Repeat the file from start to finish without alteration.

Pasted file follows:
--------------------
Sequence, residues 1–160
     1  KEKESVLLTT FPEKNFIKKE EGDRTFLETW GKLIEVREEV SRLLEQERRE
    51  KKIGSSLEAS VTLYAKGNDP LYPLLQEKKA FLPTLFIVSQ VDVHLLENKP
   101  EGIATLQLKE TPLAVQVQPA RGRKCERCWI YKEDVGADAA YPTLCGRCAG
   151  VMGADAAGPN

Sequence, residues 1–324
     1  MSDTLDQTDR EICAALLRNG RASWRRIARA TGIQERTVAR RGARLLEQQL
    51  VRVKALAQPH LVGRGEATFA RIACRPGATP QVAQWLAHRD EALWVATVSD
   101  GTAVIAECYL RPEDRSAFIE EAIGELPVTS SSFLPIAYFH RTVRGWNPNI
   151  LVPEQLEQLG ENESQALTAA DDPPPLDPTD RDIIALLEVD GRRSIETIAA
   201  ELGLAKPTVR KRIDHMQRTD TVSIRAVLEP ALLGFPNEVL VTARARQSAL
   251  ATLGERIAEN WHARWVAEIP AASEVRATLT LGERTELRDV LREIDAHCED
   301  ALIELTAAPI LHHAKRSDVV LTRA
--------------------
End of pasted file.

Sequence, residues 1–160
     1  KEKESVLLTT FPEKNFIKKE EGDRTFLETW GKLIEVREEV SRLLEQERRE
    51  KKIGSSLEAS VTLYAKGNDP LYPLLQEKKA FLPTLFIVSQ VDVHLLENKP
   101  EGIATLQLKE TPLAVQVQPA RGRKCERCWI YKEDVGADAA YPTLCGRCAG
   151  VMGADAAGPN

Sequence, residues 1–324
     1  MSDTLDQTDR EICAALLRNG RASWRRIARA TGIQERTVAR RGARLLEQQL
    51  VRVKALAQPH LVGRGEATFA RIACRPGATP QVAQWLAHRD EALWVATVSD
   101  GTAVIAECYL RPEDRSAFIE EAIGELPVTS SSFLPIAYFH RTVRGWNPNI
   151  LVPEQLEQLG ENESQALTAA DDPPPLDPTD RDIIALLEVD GRRSIETIAA
   201  ELGLAKPTVR KRIDHMQRTD TVSIRAVLEP ALLGFPNEVL VTARARQSAL
   251  ATLGERIAEN WHARWVAEIP AASEVRATLT LGERTELRDV LREIDAHCED
   301  ALIELTAAPI LHHAKRSDVV LTRA